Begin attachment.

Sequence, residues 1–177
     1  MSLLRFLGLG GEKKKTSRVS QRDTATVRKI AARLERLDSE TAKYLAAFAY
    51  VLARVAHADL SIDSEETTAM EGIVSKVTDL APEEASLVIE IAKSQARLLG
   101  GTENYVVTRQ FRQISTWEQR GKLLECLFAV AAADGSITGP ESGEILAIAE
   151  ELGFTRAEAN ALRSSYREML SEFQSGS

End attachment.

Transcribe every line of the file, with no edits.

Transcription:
Sequence, residues 1–177
     1  MSLLRFLGLG GEKKKTSRVS QRDTATVRKI AARLERLDSE TAKYLAAFAY
    51  VLARVAHADL SIDSEETTAM EGIVSKVTDL APEEASLVIE IAKSQARLLG
   101  GTENYVVTRQ FRQISTWEQR GKLLECLFAV AAADGSITGP ESGEILAIAE
   151  ELGFTRAEAN ALRSSYREML SEFQSGS